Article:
In today's Pope Center piece, my colleague Jay Schalin writes about the flap over the fact that some colleges have accepted funds from BB&T Foundation with the proviso that the money be used to support courses in which students will learn about Ayn Rand's philosophy of Objectivism and in particular her defense of laissez-faire capitalism. The argument raised against this is that colleges are supposed to allow the faculty to decide upon curricular matters. Naturally, some professors who are adamantly hostile to the case for laissez-faire (although I doubt that many have ever read Rand's Capitalism: the Unknown Ideal or have heard a thorough explication of the damaging consequences of government interference in the spontaneous order of the free market) say that schools should shun BB&T money. Jay gets a whiff of double standard here, since professors on the left don't much complain about the importation of material into the curriculum they find congenial. Rather than a defense of princple, their stance seems to be an instance of selective indignation. Econ 101 is often taught as a dull, mechanistic and to many students baffling exercise in graphs and abstruse theories having little apparent relationship with life. Adding a BB&T catalyzed course that allows students to see how Rand and other advocates of laissez-faire (Ludwig von Mises, e.g.) looked at economic questions would be a beneficial offering. Colleges should be open to the marketplace of ideas. Like the marketplace of goods and services, sound ideas tend to win out and unsound ideas tend to be rejected. (I say "tend" because it doesn't happen automatically. After all, we still have cigarettes in stores and professors who preach socialism.) John Allison of BB&T is trying to get colleges to open their curricula to another idea (or set of ideas). No harm in that.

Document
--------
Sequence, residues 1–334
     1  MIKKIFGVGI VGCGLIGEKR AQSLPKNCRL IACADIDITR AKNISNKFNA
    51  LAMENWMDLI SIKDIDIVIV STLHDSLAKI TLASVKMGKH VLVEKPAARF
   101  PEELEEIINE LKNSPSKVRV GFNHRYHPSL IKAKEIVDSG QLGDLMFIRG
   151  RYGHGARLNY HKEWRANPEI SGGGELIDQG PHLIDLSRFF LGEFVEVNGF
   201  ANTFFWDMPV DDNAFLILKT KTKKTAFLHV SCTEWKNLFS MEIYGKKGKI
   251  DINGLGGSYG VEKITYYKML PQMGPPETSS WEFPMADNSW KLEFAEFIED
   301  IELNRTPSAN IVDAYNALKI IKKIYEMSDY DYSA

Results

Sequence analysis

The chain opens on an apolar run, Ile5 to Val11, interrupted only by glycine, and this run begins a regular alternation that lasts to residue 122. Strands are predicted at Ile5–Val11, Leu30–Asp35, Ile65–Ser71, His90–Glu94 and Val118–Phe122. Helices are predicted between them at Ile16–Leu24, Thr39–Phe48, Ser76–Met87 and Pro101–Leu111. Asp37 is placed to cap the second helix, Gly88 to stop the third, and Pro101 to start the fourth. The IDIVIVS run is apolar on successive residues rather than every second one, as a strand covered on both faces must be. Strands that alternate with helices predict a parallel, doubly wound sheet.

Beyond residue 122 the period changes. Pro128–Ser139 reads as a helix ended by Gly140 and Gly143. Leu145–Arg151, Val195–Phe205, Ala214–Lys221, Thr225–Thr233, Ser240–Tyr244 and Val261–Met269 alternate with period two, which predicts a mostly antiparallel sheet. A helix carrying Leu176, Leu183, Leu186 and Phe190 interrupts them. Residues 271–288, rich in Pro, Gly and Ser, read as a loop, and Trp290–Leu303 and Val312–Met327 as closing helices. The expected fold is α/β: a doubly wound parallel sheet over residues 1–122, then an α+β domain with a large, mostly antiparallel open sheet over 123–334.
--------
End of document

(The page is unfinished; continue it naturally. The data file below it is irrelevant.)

- July 23, 2010